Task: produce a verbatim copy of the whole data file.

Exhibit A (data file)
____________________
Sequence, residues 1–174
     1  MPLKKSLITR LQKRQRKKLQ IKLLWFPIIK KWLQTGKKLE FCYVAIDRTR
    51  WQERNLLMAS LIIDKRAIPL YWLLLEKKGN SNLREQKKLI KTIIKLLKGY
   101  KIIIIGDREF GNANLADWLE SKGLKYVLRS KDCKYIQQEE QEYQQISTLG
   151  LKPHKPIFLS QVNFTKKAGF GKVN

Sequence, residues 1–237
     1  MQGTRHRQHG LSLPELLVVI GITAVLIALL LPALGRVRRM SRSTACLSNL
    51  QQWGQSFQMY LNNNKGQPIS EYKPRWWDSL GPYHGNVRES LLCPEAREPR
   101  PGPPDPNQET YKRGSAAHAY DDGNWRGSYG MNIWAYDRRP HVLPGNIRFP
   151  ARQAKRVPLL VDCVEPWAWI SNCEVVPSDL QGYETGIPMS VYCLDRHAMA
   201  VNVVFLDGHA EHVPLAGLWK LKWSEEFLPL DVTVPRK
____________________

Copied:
Sequence, residues 1–174
     1  MPLKKSLITR LQKRQRKKLQ IKLLWFPIIK KWLQTGKKLE FCYVAIDRTR
    51  WQERNLLMAS LIIDKRAIPL YWLLLEKKGN SNLREQKKLI KTIIKLLKGY
   101  KIIIIGDREF GNANLADWLE SKGLKYVLRS KDCKYIQQEE QEYQQISTLG
   151  LKPHKPIFLS QVNFTKKAGF GKVN

Sequence, residues 1–237
     1  MQGTRHRQHG LSLPELLVVI GITAVLIALL LPALGRVRRM SRSTACLSNL
    51  QQWGQSFQMY LNNNKGQPIS EYKPRWWDSL GPYHGNVRES LLCPEAREPR
   101  PGPPDPNQET YKRGSAAHAY DDGNWRGSYG MNIWAYDRRP HVLPGNIRFP
   151  ARQAKRVPLL VDCVEPWAWI SNCEVVPSDL QGYETGIPMS VYCLDRHAMA
   201  VNVVFLDGHA EHVPLAGLWK LKWSEEFLPL DVTVPRK